• Greater transparency: Since ISO 20022 provides a more granular picture of the transaction details, it improves transparency for all parties involved. Tracing the payment path also becomes easier thanks to the improved data.
  • Facilitates innovation: ISO 20022 opens doors for developing innovative financial services, due to its ability to include more detailed and structured information. Financial institutions can leverage this data to offer improved finance, cash management and other tailored financial products and services.

The new standard also leads to valuable new use cases for financial institutions:

  • Streamlining financial crime compliance: ISO 20022 offers structured data that reduces false positives in sanctions screening by an estimated 25-30%. This enhances operational efficiency and data quality.
  • Improving payments exceptions and investigations: The new standard provides detailed, structured data that can reduce the 2-5% of payments leading to inquiries.This should cut down investigation times and operational costs, resulting in significant efficiency gains.
  • Simplifying regulatory reporting: The new standard structures transaction data to easily meet diverse global regulatory requirements. This should reduce operational costs and improve customer experience by streamlining compliance processes and eliminating the need for further enquiries.
  • Enhancing customer insights: The new ISO standard enables financial institutions to identify trends in payment activities, link transactions to specific customers and tailor products and services effectively.
  • Building vertical value propositions: The new standard will enable financial institutions to innovate and enhance their offerings, such as offering automated reconciliation for high-volume transactions, enhanced straight-through processing, support for new payment instruments, cryptocurrency-based products  and more.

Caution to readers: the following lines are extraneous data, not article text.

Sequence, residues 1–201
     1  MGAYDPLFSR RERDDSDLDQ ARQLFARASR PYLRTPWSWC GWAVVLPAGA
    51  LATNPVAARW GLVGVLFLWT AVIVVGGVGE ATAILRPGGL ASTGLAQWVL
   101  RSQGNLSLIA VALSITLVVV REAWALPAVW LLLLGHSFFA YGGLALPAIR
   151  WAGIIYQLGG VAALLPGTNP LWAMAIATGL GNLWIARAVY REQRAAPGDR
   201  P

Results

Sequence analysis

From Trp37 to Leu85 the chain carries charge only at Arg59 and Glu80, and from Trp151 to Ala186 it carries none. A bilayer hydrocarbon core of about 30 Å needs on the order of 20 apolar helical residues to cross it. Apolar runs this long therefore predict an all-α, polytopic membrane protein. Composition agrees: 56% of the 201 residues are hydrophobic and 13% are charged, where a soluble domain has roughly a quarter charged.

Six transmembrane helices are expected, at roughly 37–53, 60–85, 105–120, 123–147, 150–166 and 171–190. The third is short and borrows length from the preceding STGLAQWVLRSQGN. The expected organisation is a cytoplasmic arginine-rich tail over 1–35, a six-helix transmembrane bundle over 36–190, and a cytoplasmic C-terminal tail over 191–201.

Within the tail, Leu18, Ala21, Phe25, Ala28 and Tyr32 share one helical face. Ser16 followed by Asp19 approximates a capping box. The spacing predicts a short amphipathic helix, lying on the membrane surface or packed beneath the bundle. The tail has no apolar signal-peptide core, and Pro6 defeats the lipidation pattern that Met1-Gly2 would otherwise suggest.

• Strengthening corporate treasury activities: The new standard provides structured data for better reconciliation and working capital management. This should reduce payment friction, make cash flow forecasting more accurate and enable support of On Behalf Of (OBO) payments.

You can read more details about each of these use cases on the SWIFT website.

What are the challenges of moving to ISO 20022?

Embarking on a global project such as moving every financial institution to a new payment standard was always going to present significant challenges.

Here are some of the key challenges that financial institutions could face:

  • Funding the transition: Transitioning to ISO 20022 requires financial institutions to invest significant sums. Reviewing, mapping and translating their existing legacy systems to comply with the new standard can require a lot of resource investment.
  • Meeting deadlines: While the global deadline to shift to ISO 20022 has been set to coincide with the retirement of SWIFT’s MT messaging standard in November 2025, many countries have set their own, more ambitious timelines. For example, legacy UK standards were replaced by ISO 20022 in June 2023. But meeting externally agreed deadlines for an organisation that already has ongoing transformational projects in motion can be a significant challenge.
  • Upgrading existing infrastructure: To cope with the longer and wider-ranging messages used by ISO 20022, many financial institutions will need to make major changes to their existing infrastructure.
  • Adapting compliance processes: Financial institutions will need to adapt their existing compliance processes (such as Anti-Money Laundering and Know Your Customer) to match the richer data format offered by ISO 20022. This may involve updating internal processes and system configurations to make sure compliance checks can be effectively performed on the richer data set.

How we’re supporting the transition to ISO 20022

At Netcetera, we’re dedicated to supporting financial institutions during the transition to ISO 20022. For more guidance, explore our array of digital banking solutions, dive deeper into our knowledge hub, or consult with our experts who are ready to assist you with any queries. Stay informed and ahead of industry trends by subscribing to our newsletter. Let's make this transition smooth and successful together. Reach out to us today and take a step towards optimizing your financial operations.